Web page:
MUNICH – At the World Economic Forum’s recent annual meeting in Davos, I participated in a panel of defense leaders to discuss the future of the military. The issue we addressed is a critical one: What kind of war should militaries today be preparing to fight?
Governments have a very poor track record when it comes to answering this question. After the Vietnam War, for example, the United States’ armed forces suppressed what it had learned about counter-insurgency, only to rediscover it the hard way in Iraq and Afghanistan.
America’s military interventions in these countries exemplify another key challenge of modern warfare. As outgoing US Secretary of Defense Chuck Hagel pointed out in a recent interview, in war, “things can get out of control, and drift and wander” in ways that can cause a military to fall into a more “accelerated” use of force than was initially anticipated. Against this background, the notion that force alone can transform conflict-riven societies in the Middle East and elsewhere is a dangerous fallacy.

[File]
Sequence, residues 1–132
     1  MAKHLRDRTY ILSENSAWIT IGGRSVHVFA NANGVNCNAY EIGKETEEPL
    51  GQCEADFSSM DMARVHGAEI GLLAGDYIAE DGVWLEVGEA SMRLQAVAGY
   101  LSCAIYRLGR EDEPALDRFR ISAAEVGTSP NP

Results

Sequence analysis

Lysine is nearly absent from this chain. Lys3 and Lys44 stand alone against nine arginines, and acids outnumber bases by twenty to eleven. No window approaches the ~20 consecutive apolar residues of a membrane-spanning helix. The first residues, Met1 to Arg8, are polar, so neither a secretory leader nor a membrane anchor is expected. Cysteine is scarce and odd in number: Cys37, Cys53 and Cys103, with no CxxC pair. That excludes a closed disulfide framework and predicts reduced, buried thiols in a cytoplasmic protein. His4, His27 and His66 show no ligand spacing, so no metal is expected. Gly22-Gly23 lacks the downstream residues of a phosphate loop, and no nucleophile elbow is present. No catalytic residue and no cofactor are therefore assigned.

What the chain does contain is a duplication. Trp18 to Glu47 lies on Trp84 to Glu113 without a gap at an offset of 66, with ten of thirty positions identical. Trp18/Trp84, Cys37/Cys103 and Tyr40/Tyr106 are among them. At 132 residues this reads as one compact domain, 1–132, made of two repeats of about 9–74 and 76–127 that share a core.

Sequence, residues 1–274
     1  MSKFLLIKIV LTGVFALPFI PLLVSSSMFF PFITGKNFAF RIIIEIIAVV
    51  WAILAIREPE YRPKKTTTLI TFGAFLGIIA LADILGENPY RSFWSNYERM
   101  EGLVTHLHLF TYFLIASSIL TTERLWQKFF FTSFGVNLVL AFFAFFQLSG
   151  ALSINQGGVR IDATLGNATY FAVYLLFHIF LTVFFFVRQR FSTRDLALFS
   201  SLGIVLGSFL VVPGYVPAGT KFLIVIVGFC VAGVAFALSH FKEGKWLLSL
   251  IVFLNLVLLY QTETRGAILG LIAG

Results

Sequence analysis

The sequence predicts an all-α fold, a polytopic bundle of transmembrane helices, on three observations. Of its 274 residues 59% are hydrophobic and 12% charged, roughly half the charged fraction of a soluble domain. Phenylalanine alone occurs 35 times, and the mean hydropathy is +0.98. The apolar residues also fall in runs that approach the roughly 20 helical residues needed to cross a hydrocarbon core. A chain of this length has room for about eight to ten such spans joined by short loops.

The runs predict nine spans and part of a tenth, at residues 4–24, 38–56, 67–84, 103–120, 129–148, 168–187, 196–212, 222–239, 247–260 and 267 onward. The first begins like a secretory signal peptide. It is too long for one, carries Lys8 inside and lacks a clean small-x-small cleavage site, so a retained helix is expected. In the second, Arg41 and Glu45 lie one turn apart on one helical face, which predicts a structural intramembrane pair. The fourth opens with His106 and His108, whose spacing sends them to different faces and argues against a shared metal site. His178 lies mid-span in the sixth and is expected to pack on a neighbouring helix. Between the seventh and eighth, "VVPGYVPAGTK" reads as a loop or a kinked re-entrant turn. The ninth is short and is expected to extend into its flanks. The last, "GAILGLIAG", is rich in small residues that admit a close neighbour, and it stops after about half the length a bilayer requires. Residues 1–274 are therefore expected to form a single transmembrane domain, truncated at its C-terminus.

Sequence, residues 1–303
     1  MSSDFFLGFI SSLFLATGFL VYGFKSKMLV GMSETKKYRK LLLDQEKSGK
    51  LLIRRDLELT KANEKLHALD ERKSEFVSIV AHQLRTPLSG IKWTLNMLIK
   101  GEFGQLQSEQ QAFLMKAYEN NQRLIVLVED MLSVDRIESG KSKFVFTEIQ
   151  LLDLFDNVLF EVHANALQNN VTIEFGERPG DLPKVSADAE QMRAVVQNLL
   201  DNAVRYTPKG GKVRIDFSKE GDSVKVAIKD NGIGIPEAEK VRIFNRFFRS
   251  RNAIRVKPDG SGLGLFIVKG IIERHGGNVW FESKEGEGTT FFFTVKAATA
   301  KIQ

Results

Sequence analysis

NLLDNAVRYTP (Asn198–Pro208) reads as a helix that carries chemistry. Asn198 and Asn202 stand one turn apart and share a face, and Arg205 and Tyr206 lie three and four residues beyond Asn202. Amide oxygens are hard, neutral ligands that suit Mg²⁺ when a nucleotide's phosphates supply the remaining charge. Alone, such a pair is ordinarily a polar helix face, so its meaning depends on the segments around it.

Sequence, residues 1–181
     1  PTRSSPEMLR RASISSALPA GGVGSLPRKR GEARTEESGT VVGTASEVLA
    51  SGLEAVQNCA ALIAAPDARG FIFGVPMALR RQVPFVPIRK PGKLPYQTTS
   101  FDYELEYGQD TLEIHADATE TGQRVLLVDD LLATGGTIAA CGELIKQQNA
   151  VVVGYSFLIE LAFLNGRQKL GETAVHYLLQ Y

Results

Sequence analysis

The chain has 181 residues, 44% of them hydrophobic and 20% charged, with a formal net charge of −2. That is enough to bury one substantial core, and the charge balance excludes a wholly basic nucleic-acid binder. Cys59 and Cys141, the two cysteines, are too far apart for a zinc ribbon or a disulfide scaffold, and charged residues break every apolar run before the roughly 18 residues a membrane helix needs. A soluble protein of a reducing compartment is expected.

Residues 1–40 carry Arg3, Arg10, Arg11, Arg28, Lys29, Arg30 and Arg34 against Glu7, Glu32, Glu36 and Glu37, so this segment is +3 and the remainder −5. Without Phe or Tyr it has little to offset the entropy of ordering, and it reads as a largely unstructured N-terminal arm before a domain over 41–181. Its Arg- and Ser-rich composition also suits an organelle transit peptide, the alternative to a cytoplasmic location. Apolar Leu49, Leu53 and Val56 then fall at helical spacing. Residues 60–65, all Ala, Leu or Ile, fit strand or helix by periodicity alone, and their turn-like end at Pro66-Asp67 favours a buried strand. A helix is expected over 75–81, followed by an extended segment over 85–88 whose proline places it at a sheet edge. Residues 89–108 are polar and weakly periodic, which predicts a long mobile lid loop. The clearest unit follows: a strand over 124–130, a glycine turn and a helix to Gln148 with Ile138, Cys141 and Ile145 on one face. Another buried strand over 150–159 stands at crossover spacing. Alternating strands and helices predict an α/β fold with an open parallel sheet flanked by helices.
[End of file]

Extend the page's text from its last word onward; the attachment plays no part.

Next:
But, while war and force may be down, they are not out. They are simply evolving according to a new “generation” of rules and tactics.